Cervical screening test the Pap Smear test, known in medicine as the Pap Smear test, is a test named by the Greek doctor George Papanicolaou and used to screen for cervical cancers. It plays an important role in screening for cervical cancer or differences before cancer. Precancerous cells are located on the surface of the cervix. This screening test can be taken from here and examined. Successful results have been recorded in diagnosing cervical cancer and reducing deaths from the disease using a Pap Smear test.
The Cervical Screening Test aims to notice early some signs that are not cancer in the cervix (cervix) but are at risk of turning into cancer after many years if they are not noticed. In this way, these early signs can be treated and eliminated without turning into cancer. In other words, the main goal of doing this test is not to identify people who have started cervical cancer but to determine the findings years before cancer begins.
In women who do not have a Pap Smear test, these findings are not noticeable and can turn into cancer after many years. Specialist doctors often recommend having a cervical screening test every three years for women between the ages of 21 and 65. For women 30 and older, a cervical screening test can be performed every five years when the procedure is combined with an HPV test, or they may consider an HPV test instead of a smear test.
Tampons, vaginal creams, or medications should not be used and sexual intercourse should not be performed within 24 hours before the test. At the same time, the vagina should not be washed. The reason for this is that the results are lost and the test gives the wrong result. If there is a Genital infection or discharge, a smear should be taken after treatment.
A cervical Screening Test is an extremely easy, short-term, and painless test. Because it is an application that does not damage the tissue, the pain does not feel pain. The duration of the test is as short as 15-20 seconds and can be performed during a routine gynecological examination. During the examination, the cervix (cervix) is displayed after the speculum is inserted into the vagina.
A sample of fluid is taken from the cervix by evaluating lesions that may be visible to the naked eye in the vagina and cervix and swabbing with a soft brush or spatula. This sample is placed in a special thin glass called lam and placed in a container full of alcohol to make the results on the glass surface and a spray with a freezing property is squeezed on it. After this process, called fixation, the sample is sent to the pathology department and taken under examination. After that, it takes 2 to 8 days for the results to come out.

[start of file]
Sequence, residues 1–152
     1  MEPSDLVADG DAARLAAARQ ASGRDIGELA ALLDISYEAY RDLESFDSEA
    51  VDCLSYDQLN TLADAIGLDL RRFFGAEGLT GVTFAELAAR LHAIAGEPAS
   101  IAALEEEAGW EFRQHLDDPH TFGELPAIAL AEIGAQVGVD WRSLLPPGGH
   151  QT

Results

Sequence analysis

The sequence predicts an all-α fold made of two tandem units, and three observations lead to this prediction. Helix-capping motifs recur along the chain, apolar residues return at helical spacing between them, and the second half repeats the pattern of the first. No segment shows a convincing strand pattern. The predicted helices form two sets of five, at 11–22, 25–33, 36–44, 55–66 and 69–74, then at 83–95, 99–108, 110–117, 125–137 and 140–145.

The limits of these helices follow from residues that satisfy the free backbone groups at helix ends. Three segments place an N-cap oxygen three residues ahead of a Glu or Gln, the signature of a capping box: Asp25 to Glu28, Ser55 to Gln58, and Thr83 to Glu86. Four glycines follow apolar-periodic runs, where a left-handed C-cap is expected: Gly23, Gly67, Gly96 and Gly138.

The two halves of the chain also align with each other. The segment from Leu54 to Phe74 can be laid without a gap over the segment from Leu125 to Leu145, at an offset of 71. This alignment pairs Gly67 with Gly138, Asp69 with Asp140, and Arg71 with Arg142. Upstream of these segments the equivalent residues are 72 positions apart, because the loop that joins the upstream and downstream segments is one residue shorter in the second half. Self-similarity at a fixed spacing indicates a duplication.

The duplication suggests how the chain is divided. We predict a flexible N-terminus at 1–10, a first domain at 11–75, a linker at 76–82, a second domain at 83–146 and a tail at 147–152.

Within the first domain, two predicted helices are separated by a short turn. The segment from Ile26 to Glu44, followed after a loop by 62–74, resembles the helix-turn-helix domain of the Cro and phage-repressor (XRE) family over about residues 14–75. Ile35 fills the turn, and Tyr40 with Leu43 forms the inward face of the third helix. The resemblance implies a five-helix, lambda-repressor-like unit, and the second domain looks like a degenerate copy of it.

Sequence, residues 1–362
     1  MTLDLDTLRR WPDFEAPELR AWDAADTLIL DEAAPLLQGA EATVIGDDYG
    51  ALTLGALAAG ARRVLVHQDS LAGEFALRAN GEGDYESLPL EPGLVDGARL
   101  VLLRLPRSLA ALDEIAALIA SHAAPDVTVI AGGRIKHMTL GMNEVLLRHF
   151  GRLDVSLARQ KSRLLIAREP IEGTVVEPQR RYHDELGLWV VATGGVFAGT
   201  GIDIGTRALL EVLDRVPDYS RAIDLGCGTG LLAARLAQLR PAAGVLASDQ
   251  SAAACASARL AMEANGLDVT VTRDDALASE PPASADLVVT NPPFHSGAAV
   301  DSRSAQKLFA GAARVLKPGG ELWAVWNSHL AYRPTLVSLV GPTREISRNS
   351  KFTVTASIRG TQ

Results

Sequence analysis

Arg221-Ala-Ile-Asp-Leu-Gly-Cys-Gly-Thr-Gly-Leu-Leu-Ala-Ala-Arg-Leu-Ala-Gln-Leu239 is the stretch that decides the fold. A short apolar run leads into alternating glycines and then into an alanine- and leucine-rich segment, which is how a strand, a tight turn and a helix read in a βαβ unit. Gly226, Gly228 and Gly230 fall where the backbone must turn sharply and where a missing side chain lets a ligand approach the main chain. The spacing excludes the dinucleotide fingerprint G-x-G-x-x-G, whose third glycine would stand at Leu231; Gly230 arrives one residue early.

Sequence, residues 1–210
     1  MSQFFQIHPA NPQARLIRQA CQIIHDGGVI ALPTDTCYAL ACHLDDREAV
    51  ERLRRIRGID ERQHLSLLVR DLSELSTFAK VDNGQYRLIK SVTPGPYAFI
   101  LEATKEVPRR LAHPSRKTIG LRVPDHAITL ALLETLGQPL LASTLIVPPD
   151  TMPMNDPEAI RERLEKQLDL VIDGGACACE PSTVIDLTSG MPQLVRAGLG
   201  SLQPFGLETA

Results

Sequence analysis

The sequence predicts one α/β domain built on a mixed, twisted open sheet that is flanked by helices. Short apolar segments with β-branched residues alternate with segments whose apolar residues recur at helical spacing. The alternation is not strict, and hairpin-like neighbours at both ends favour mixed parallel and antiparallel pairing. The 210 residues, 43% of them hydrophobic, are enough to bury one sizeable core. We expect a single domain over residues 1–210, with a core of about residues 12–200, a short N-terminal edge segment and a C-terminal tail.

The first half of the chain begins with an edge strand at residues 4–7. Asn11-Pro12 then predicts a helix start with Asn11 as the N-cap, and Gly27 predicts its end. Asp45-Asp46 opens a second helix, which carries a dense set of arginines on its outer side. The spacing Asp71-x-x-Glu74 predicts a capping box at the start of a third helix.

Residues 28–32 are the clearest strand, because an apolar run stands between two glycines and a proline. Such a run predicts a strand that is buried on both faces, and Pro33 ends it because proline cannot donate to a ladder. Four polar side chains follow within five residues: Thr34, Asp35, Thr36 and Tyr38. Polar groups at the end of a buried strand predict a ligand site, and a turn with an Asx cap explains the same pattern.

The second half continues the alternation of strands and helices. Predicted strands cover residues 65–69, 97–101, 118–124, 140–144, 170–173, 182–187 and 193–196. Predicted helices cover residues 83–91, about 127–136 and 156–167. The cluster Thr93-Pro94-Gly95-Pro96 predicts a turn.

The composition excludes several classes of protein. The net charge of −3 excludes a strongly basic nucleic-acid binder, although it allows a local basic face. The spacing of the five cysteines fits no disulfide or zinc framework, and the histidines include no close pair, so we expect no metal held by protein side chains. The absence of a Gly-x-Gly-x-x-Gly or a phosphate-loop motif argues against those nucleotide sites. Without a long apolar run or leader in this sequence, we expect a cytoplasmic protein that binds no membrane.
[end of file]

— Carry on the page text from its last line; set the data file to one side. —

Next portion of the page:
Pap testing is usually the first step in determining Cervical Health and is usually performed as part of routine screening. Most women are advised to have a PAP test starting at age 21. Depending on your age and risk, your doctor may also recommend an October test for HPV infection. A cervical screening test plays an important role in determining the risk of uterine cancer.
A doctor manually examines the vagina, cervix, uterus, fallopian tubes, and ovaries for tubers that can be explored in more detail with imaging technology.
A doctor uses a special microscope called a colposcope to examine the cervix. This microscope is designed to provide an enlarged view of areas and allows your doctor to see any abnormal tissue. If abnormal tissue is detected, a tissue biopsy is performed.
There are two types of biopsies used to diagnose cervical cancer. These:
When Pap test and colposcopy results show cervical carcinoma, your doctor may perform a cone biopsy to confirm the symptom. The doctor removes a piece of tissue from the cervix with the help of a scalpel. The tissue is then sent to a pathologist for examination.
This test involves examining the sentinel lymph nodes where cancer cells are most likely to spread from a primary tumor. It can help determine whether cancer has spread beyond.